Jasen Lew: I would say it is more like offense. They see a lot of opportunity to be able to capture and grow. They cannot fight against large organizations with deep pockets. But now they see this as an opportunity with the right tools to compete against other organizations. Regardless if they are a brand or not. What excites them is the ability to show that.
Small Business Trends: Can you talk about the importance of feedback in the context of customer experience?
Jasen Lew: With services like Lyft and Uber, they’re doing something really interesting and essentially at the end of a ride, you just leave. Before you’re able to use that service again, you’re forced to rate the driver. So you’re not allowed to continue further until you offer a rating.
What they’re trying to do is get a very quick snapshot and make it really easy for the guest to provide quick feedback on the overall experience.
Small Business Trends: What are the cultural challenges that small and mid-sized businesses need to be aware of in order to be as successful as they can implementing these tools, technologies and strategies?
Jasen Lew: One of the challenges is the mindset the ROI (return on investment) for customer experience management. That’s assuming there’s even an understanding of what customer experience management is. Meaning, the value of understanding and managing the customer journey.
If you invest a dollar in customer experience or a customer experience tool, what is the ROI? That translation into actual dollar and cents doesn’t come immediately. There is a clear ROI as things move down the road.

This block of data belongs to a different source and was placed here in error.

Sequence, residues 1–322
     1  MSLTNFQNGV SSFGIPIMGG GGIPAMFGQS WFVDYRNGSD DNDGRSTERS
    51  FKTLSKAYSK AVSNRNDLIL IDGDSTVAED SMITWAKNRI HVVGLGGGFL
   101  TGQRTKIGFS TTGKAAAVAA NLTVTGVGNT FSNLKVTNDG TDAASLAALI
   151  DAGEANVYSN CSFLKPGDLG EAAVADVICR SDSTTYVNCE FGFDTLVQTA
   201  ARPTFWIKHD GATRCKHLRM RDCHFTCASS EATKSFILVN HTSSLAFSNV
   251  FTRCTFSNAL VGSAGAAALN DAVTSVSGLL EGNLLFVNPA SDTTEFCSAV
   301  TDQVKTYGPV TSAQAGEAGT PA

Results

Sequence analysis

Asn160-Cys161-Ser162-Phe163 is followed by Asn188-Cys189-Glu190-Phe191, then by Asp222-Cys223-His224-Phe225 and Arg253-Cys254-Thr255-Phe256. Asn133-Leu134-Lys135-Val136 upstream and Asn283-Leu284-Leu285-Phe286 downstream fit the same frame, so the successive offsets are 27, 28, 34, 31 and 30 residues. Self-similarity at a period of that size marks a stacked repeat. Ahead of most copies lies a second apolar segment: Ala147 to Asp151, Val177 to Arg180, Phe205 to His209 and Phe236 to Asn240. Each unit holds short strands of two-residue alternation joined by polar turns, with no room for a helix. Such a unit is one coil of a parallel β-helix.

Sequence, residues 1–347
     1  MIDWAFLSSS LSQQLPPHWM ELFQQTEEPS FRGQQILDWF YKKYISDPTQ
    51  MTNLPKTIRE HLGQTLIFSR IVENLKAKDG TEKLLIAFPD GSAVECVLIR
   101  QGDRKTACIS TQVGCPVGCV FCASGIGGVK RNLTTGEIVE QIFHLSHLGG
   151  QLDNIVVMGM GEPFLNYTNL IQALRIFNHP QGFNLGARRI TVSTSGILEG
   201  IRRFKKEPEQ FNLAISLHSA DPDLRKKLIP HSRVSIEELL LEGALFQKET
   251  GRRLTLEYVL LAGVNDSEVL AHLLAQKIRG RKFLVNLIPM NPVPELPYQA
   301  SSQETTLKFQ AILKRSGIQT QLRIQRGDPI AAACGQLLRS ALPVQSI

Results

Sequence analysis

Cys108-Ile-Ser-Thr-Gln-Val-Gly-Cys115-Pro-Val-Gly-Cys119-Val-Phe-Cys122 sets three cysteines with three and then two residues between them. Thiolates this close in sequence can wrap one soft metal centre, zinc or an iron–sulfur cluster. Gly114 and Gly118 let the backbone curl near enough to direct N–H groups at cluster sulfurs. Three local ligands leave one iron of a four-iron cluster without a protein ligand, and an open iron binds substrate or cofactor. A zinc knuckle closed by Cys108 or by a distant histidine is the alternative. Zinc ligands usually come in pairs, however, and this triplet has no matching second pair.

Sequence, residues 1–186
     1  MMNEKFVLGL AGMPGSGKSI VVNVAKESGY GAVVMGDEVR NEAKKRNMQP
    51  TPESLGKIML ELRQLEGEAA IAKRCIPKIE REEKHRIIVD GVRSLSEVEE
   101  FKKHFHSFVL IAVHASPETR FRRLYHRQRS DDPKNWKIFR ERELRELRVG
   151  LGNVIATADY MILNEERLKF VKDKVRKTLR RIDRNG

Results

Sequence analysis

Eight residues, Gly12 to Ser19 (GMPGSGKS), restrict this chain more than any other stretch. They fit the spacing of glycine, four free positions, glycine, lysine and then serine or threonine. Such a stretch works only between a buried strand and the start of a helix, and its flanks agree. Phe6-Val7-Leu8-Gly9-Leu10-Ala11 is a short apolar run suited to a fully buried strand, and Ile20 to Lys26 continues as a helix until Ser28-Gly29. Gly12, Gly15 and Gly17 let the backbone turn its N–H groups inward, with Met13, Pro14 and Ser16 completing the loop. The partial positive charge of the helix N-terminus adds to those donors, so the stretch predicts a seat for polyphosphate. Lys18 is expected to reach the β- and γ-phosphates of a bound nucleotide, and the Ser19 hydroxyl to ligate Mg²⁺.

There was a study done that showed that once a person makes a reservation at a hotel, if they go online and do further research and read reviews, one out of three of those guests will actually switch their reservation. It’s an amazingly powerful statistic. They took the self-initiative to cancel that reservation and book somewhere else based off of feedback, which is all centered around customer experience. If you think about the volume that exists in that number, it’s pretty phenomenal.
I think one of the challenges is just understanding there is real ROI in managing customer experience. You may not see an immediate impact, but over a period of time you will see a pretty substantial impact to your top and bottom lines.
The second is just an understanding that it’s something that involves the entire organization. Tools like ours enable everybody in the organization to be a part of the whole customer experience management.
Because it is true that, again going back to a hotel example, the front desk person interacts with a guest. The person delivering room service interacts with the guest. As does the person making up the bed, indirectly. So all these people are involved in the customer experience journey. It is not just upper management or certain select few people that have an impact.
Literally every single person in the organization has an impact on the customer. Understanding that impact can sometimes be a challenge.
Small Business Trends: Where can people learn more about what you’re doing?
Jasen Lew: At Medallia.com.
This is part of the One-on-One Interview series with thought leaders. The transcript has been edited for publication. If it's an audio or video interview, click on the embedded player above, or subscribe via iTunes or via Stitcher.